This is unique among the retellings because it is a first reader, with just 59 words. The text primarily consists of Hansel and Gretel’s thoughts as the events of the tale occur: “Mother is not here. Father is not here. I do not like this.” This leaves the illustrations to tell the story – which they do quite well. As with all first readers, this is a book best read by a child (since it doesn’t have the rich text that makes parental read-alouds so beneficial) – but it really is a nice version of the Grimms’ story. I can certainly see a child reading it to her parent and then having dialogue about what was happening in the pictures (to flesh out the story).
Hansel and Gretel illustrated by Susan Jeffers, retold by Amy Ehrlich
A straightforward retelling of the story – with one new-to-me detail: a white bird led the children to the witch’s gingerbread cottage. The stepmother is often referred to as “the woman”, helping to make the betrayal a little less personal. Illustrator Susan Jeffers has two different illustration styles (it seems to me). The woodland pictures are in great detail, with individual leaves on the trees and lots of lovely wildlife. The indoor pictures and those prominently featuring people seem to be almost in the style of American Country Crafts (you know, the kind from the ’80s and ’90s, round faced dolls with peat moss hair and painted on cheek circles?) This wasn’t a bad picture book, but it’s not my favorite either.
Nibble, Nibble Mousekin retold and illustrated by John Walsh Anglund
A quite wordy version with lots of text on each page and a fair bit of extraneous description. This one has Hansel fill his pockets with stones on the mere suspicion of his stepmother’s wickedness, without having overheard her plan (in fact, she never shares the plan with the father – thereby freeing him from the guilt of weakness.) Furthermore, the stepmother runs away rather than dies, leaving the children and their father to enjoy each other in the end. The illustrations alternated between color and black and white on every other two-page spread. The children remind me of Precious Moments dolls – but the rest of the illustration is different enough that it’s only a passing reminder. I generally prefer the more faithful retellings found above.
Hansel and Gretel retold and illustrated by James Marshall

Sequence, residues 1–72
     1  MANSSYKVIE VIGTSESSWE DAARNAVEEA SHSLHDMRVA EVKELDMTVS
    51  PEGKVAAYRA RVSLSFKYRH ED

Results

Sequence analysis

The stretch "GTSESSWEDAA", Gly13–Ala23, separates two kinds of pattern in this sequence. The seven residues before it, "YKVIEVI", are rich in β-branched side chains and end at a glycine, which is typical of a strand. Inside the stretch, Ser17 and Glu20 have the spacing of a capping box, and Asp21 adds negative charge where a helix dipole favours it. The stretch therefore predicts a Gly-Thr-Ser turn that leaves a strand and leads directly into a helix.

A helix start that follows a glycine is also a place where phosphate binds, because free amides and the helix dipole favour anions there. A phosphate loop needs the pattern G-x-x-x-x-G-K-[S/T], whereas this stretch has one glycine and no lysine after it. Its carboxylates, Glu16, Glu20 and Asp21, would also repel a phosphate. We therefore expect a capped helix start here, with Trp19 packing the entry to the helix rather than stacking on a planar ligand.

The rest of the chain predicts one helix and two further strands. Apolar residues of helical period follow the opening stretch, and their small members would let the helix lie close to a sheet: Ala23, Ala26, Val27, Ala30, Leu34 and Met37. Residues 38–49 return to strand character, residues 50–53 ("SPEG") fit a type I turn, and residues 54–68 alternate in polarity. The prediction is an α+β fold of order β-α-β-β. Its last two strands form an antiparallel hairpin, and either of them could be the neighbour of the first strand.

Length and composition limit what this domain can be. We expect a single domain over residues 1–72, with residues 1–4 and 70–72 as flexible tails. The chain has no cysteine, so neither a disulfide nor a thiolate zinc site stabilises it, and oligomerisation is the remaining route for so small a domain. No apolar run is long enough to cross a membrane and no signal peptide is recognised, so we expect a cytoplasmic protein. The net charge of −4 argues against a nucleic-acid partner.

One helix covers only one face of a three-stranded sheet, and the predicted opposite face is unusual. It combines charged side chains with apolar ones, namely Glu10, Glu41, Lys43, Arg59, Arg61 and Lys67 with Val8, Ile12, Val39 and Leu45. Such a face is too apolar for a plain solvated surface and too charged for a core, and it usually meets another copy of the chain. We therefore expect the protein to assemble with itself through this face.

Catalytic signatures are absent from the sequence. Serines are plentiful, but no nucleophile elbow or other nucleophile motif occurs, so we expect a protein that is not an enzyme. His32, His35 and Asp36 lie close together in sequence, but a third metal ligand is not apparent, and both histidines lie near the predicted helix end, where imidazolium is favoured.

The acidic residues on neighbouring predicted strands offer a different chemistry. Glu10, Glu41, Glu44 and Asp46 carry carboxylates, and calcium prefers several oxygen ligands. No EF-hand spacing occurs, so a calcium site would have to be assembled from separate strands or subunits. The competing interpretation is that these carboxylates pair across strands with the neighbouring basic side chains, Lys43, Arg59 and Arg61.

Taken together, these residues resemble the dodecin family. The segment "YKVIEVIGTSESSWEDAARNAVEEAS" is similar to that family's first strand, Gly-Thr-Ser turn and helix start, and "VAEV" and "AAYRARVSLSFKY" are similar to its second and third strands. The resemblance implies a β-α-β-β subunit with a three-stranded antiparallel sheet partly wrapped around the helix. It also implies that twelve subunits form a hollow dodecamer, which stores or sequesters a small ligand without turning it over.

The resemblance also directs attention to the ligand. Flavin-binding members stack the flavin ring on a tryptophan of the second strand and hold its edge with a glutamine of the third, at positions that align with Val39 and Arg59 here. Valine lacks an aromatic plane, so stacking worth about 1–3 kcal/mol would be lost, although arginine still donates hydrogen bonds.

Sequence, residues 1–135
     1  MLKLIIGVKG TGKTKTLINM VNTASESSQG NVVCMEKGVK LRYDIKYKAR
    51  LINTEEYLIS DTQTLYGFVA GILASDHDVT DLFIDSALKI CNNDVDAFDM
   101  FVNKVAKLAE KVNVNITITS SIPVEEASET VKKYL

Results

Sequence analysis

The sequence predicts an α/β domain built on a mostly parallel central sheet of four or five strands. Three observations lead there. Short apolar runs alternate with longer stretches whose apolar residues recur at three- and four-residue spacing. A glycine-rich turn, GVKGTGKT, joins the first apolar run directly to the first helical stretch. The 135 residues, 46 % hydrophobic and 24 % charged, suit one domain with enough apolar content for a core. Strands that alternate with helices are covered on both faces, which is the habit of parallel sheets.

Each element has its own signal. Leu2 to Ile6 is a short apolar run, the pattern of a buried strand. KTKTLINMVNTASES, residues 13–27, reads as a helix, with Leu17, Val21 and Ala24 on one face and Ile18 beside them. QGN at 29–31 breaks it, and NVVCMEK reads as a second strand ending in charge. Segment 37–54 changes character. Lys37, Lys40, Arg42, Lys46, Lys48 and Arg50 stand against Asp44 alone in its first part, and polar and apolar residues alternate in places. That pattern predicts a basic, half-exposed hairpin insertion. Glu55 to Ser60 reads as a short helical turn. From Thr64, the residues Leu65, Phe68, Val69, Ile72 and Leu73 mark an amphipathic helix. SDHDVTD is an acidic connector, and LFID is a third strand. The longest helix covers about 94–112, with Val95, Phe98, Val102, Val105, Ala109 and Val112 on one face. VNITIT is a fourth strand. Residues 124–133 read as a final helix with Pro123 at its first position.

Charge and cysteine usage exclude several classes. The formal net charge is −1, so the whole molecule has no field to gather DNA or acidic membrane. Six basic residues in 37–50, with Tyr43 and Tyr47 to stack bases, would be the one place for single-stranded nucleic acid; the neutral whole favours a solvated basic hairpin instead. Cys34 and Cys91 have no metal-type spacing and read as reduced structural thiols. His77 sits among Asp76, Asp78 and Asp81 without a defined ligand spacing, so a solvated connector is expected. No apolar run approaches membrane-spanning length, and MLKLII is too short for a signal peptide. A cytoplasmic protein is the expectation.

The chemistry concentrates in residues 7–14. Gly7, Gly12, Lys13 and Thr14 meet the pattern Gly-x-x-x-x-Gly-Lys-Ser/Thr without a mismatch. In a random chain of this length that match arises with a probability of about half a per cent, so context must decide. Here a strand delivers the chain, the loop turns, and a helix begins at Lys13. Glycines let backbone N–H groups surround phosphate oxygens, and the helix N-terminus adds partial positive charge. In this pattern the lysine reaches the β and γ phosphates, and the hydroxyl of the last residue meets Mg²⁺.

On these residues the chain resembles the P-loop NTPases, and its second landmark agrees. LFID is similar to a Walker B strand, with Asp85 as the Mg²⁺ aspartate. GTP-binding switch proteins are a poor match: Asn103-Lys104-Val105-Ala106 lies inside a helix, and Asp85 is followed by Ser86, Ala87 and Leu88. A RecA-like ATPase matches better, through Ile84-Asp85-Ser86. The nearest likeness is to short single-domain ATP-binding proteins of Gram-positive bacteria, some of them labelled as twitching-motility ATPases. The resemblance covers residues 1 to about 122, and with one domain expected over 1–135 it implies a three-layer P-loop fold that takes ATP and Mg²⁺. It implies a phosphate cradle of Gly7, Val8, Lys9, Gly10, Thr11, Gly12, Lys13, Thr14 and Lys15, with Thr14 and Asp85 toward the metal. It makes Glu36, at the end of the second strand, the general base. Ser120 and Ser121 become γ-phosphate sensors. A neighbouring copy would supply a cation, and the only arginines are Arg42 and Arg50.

The retelling was neither bad nor spectacular – but the cartoon-like illustrations didn’t really suit my fancy. My library also had a video version of this, in which the illustrations are lightly animated (the stepmother is always munching something). While the generally very story-book like manner was appealing (that is, a narrator read the story while each page was shown on screen versus the flash-from-one-scene-to-another-very-quickly nature of typical cartoons), I still wasn’t impressed with the storytelling or the illustrations.
Hansel and Gretel retold by Cynthia Rylant, pictures by Jen Corace
Generally speaking, the retellings of “Hansel and Gretel” have been faithful to the extent that my commentary has focused on omissions or on illustrations. This retelling is an exception, for while the illustrations are interesting, what stands out is what Rylant has chosen to ADD to the story – explanations. She explains the stepmother’s selfishness, explains the father’s weakness, and explains the moral she wants children to derive from the story.
“It has been said that guardian spirits watch over and protect small children, and that may be so. But there are also stories of children who find the courage to protect themselves.”
“Perhaps this is when guardian spirits finally intervene, when small children have already been so brave.”
I would much prefer that retellers keep to the story and let parents and children talk about what the story means. In this case, I am all for children being brave – but I want my children to know the bravery that comes from complete reliance on the Holy Spirit, who intervenes when we can do nothing, granting us supernaturally a spirit of “power and of love and of a sound mind”.
So this is one retelling I don’t recommend.